Author Alfred Lansing weaves throughout his absorbing account the actual journal entries of several of the men that express their different personalities and provide different points of view on their grueling plights. The descriptions of the incredibly alien Antarctic landscapes (snow, pack ice, ice bergs, glaciers, giant sheer cliffs, and oceans churned by powerful currents, violent storms, and hundred foot waves) in incredibly inhospitable conditions (rain, sleet, hail, and blizzards whipping snow and shards of ice and rock every which way) are beautiful, sublime, and terrifying by turns. The wildlife (penguins, seals, sea leopards, whales, and the like) are so at home relative to the pathetic pygmy human interlopers, and yet the very foolishness and fragility of Shackleton and his men, whose original mission to become the first human beings to cross the Antarctic continent fails in the first chapter of the book, achieve a heroic grandeur as their plight becomes grimmer and grimmer. Many of the images persist in my mind long after finishing the book, like one moment when, during an intense storm at sea a giant albatross with a twelve-foot wingspan spirals up and down with lazy grace through the hurricane force winds to check out Shackleton and his men as they are frantically working to keep their boat from foundering???
And Simon Prebble delivers an excellent reading of the book, enhancing with his rich voice the humor, pathos, terror, exhilaration, frustration, disappointment, and resolution of the characters even as he speaks in their varied dialects of English.
This book really is an Incredible Voyage, and is surely the most exciting history book I???ve ever read.
I admit I had no knowledge of, or particular interest in, the polar expeditions but was interested enough in the travel and adventure to listen to this book. The first half was a bit of a slog, as they hit bad luck pretty quickly and the day in and day out trying to wait out the pack ice holding them captive was slow going.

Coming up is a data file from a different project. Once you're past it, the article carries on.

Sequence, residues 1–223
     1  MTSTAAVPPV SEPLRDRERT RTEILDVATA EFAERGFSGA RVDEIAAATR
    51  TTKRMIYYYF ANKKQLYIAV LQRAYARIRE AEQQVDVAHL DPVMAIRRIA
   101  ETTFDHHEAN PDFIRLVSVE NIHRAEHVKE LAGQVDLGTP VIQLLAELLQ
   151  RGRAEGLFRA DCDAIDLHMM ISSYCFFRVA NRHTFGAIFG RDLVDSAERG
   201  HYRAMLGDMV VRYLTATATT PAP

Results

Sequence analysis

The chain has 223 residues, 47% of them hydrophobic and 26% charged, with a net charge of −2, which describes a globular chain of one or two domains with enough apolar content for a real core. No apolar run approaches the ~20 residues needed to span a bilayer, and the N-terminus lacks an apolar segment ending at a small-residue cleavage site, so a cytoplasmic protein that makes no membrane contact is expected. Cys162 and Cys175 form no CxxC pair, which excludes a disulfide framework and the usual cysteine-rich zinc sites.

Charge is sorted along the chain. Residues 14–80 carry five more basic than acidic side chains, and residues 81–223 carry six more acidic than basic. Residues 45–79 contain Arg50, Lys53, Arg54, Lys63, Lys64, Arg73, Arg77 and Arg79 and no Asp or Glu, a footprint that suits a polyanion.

But the second half, as Shackleton leaves his crew behind to try to make it to any semblance of civilisation and eventual rescue is staggeringly impressive; it is only a series of extraordinary decisions made by Shackleton that allowed them to survive. And perhaps a few miracles, too: e.g. stuck on a razorback mountain with the temperatures dropping below zero, guaranteed to freeze to death if they stayed or tried to turn back, he chose to slide with his two men into the completely unseen, fogged in, precipice below - and against all odds they actually survived this without a scratch, picked themselves up and kept going!
The narration was utterly gripping, well paced with the action and emotion, a fantastic job. I was shaking for some time after finishing this, my heart was still pounding so hard and I could hardly catch my breath; I could only think 'men used to be like this!' Now I want to know everything about all the polar explorers because this is a breed of men I have never encountered. Shackleton is my new hero: he had a genius for survival and leadership, and he returned to rescue all his men without loss of life. Incredible. This is an exceptional story about human nature.
I thoroughly loved this book. I don't normally seek out these "true-life adventures" but the other reviews were so positive that I decided to give it a try. It was absolutely tremendous. It was so unbelievable that no one would even think of putting half of the things that happened into a novel. I literally spent every night during the time period I was listening to this book reflecting about the trials and tribulations of the men of the Endurance and wondering how I would do in similar circumstances. It was a profoundly emotional experience with this book.
The writing is quite good and the narrator keeps the story moving along while keeping the "you are there" sense of the book.
I highly recommend this book.
Male. Mammal. High school equivalency graduate. I like fruit and I just got a haircut. I would describe myself as somewhere between Christmas and being buried alive.
I was familiar with Shackleton's story, having read Caroline Alexander's book, The Endurance: Shackleton's Legendary Antarctic Expedition.
Having read both, I am convinced that Lansing's is far better. If you read only one book on the subject, read this one instead of Caroline Alexander's book [Just to be fair to Caroline Alexander, I loved her book about the Mutiny on the Bounty and I wish that Audible would release it in unabridged length].
Now on to the book itself. You can read many other reviews if you want a plot summary. In a nutshell, this is a story of survival and endurance nonpareil. I read this book because I was feeling sorry for myself at the time. I just finished the book and I no longer feel that way.